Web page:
Rabbit Hole

Kiefer Sutherland unveils a new action series which lands unevenly and serves to remind of past pleasures.

Ever since his stellar success in 24, Kiefer Sutherland has pushed to be received by audiences in other shows.

While Touch, The First Lady and (Quibi series) The Fugitive had single seasons, at least Designated Survivor made it to three.

Now he is back in an action role as private espionage agent John Weir in Rabbit Hole, on Paramount+.

Rather than kicking off with explosions and presidential assassinations, Rabbit Hole takes its time to establish the back story of its leading man with flashbacks of a boy whose father was either knee-deep in espionage or paranoid about spies – which ultimately led to his parents’ split and father’s death.

It all amounts to adult John constantly looking over his shoulder in the present, while forging a successful career as a go-to private agent.

One of those on his case is gay, FBI agent Madi (Enid Graham) who follows him on city streets waiting for him to slip up on whatever surreptitious project he is undertaking.

“I know you think that you’re Robin Hood but you’re not,” she warns him.

Aiding John is his small team of merry men and women (including Aussie actress Jorja Cadence) who plot away in a warehouse behind screens that are not CTU, for those of you who remember.

John is also estranged from his own wife and happy to hook up casually with bar patrons such as Hailey (Meta Golding), if convinced they are a plant secretly hired to destroy him. ‘Trust no-one’ as Fox Mulder might suggest…?

The opening episode lurches along until John is finally tasked with a mission (thank god) to frame a high-ranking Treasury official with a corporate CEO, but it’s unclear who is behind this agenda. Nevertheless, the cat-and-mouse framing, executed with clockwork precision like a scene from Sneakers, is good fun. If only it could invest in more of this action.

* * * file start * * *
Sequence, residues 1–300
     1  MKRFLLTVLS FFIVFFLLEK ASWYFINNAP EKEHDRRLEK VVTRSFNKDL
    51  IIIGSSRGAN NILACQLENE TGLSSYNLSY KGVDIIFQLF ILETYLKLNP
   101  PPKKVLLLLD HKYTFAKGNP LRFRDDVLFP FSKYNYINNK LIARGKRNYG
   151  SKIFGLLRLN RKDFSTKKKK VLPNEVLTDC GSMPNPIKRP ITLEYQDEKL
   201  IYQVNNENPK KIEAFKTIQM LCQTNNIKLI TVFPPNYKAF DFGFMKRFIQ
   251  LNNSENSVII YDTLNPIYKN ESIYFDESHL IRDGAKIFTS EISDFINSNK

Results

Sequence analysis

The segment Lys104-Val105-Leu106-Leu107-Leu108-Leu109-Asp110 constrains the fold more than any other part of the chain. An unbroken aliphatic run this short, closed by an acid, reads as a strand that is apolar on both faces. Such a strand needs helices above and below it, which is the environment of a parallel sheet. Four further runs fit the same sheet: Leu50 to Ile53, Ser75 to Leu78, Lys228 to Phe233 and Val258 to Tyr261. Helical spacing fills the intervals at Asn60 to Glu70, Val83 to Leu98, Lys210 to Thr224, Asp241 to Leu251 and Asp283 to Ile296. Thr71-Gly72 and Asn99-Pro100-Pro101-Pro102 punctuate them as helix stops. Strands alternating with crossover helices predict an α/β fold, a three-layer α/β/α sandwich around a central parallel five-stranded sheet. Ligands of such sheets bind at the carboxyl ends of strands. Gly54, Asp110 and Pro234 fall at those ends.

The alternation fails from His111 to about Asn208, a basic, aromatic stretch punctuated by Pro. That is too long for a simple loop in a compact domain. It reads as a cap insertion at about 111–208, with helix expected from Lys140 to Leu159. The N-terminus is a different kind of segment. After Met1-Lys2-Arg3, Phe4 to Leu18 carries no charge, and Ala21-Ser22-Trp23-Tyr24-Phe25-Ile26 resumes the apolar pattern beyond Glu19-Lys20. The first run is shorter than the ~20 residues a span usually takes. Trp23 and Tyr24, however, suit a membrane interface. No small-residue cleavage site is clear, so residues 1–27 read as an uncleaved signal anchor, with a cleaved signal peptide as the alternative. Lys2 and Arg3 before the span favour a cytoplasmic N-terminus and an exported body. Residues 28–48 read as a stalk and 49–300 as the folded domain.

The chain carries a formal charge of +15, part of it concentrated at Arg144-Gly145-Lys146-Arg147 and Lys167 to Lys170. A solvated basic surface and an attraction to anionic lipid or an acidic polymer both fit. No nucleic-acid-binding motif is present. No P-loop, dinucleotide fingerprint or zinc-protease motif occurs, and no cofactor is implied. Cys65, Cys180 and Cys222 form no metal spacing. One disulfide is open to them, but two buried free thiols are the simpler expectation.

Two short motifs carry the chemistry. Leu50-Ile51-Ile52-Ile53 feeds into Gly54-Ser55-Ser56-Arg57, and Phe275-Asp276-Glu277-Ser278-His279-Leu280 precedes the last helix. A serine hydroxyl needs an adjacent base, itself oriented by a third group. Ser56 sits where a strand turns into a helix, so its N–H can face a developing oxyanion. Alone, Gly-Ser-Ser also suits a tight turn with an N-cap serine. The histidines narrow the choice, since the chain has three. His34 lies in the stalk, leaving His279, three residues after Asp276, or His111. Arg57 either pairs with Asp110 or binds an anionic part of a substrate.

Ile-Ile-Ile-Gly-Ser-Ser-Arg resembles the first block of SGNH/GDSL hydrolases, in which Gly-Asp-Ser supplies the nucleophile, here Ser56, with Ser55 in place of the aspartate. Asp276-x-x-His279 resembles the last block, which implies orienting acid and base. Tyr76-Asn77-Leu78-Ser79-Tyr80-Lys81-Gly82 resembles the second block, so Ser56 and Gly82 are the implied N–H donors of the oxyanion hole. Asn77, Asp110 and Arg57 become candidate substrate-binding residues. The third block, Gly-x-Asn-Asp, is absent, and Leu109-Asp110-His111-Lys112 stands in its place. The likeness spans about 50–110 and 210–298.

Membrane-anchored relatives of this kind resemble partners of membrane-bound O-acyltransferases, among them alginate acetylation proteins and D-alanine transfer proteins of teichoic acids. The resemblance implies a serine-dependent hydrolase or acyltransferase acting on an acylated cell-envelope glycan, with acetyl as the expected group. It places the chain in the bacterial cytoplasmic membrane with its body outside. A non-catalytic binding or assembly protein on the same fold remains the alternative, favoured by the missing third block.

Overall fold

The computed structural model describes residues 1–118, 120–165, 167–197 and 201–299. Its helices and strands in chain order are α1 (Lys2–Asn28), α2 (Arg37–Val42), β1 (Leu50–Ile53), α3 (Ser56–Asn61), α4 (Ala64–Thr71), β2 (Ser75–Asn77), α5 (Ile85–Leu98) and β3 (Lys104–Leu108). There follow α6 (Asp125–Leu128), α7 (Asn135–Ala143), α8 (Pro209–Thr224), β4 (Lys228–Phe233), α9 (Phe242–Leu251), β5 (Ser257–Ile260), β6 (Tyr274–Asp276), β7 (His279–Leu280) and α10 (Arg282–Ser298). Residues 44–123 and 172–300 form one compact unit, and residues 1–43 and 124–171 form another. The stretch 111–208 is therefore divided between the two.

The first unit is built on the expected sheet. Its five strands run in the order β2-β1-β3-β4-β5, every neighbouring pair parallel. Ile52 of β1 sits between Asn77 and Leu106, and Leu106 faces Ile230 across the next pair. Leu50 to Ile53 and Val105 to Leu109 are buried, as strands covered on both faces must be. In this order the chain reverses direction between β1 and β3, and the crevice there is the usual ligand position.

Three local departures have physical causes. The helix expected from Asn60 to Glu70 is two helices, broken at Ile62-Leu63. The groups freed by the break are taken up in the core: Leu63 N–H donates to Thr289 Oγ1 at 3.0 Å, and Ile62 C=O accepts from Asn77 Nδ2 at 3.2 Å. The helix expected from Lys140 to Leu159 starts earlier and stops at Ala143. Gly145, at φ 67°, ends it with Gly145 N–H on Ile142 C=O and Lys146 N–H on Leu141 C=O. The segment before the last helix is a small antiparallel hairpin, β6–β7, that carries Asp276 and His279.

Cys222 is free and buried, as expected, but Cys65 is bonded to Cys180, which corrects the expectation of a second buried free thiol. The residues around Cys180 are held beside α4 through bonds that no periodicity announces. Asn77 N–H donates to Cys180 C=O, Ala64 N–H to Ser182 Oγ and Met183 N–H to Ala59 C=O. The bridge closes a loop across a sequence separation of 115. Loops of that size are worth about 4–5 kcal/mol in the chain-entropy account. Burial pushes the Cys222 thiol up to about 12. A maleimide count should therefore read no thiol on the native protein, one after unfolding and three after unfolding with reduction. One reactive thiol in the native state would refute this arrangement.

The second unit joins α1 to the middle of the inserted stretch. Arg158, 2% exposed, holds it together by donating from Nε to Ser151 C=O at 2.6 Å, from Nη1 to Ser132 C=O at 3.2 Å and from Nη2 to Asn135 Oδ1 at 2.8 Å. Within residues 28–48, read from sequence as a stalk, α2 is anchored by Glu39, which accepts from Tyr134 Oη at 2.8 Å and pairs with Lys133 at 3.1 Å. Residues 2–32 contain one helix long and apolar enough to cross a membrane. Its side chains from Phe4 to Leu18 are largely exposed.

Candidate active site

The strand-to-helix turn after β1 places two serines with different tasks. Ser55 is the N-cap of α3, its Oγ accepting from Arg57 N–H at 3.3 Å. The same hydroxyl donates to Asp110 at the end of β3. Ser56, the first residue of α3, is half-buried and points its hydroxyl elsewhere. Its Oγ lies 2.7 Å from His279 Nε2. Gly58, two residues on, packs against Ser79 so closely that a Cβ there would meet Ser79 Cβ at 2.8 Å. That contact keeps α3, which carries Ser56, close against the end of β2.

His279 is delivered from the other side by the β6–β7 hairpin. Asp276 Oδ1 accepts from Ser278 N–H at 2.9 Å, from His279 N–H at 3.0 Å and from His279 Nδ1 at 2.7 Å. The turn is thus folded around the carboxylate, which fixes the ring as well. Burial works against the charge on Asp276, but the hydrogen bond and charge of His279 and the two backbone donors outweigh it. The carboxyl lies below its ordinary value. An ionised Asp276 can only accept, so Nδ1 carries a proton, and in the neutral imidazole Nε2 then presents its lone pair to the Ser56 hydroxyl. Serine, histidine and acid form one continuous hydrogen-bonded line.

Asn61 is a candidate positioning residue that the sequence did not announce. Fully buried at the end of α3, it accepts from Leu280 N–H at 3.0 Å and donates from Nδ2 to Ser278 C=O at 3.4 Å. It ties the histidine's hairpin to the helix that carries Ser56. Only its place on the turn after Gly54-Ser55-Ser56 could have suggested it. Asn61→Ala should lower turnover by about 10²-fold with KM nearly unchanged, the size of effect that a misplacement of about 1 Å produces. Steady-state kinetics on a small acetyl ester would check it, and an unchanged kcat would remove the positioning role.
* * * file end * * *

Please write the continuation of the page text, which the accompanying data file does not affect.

By episode two, when John reconnects with his dalliance Hailey, their pairing is reaching for some sexual tension / screwball comedy that never quite lands.

Action, flashbacks, comedic touches -it all makes for a pretty uneven drama offering.

Yes, writers John Requa and Glenn Ficarra do drop twists that are so extreme they feel like they are whiteboard writer room ideas to consciously U-turn the audience… as opposed to being organically driven by character. There’s also a tendency for characters to be talking at each other, rather than to each other, and by my calculations flashbacks of John as a boy are about 10 years too junior to match adult Kiefer.

Tense, whispery Sutherland works with ease with material, hell he probably knows the genre better than everybody else around him and while Rabbit Hole has its moments, it’s hard to ignore the feeling that I’d much prefer Jack Bauer to John Weir on my screen.

Rabbit Hole premieres Monday on Paramount+. (Episode 1 9:15pm tonight on 10).

4 Responses

  1. I watched the first two episodes, and the show is entertaining and well paced but has obviously been written with Kiefer’s familiar acting style in mind, but that doesn’t matter, the purpose of the pilot episodes is to grab the viewer and make them want to watch the entire show, which for now Rabbit Hole is doing reasonably well.

  2. Watched the first two episodes on Paramount +…was a tad confused after the first episode but hooked by the end of the second…however will see how it continues

  3. I think it’s best to remember that this show is made for Paramount+ so will become formulaic at some point, it’s what American audiences best understand and like to watch for most TV drama genres. I have not yet seen this show but having watched Kiefer’s standard celebrity Hollywood promo he obviously has some investment in it. I wont be expecting anything unmissable past episode three (if we’re lucky), especially if it has comedic touches. Wow!.

Leave a Reply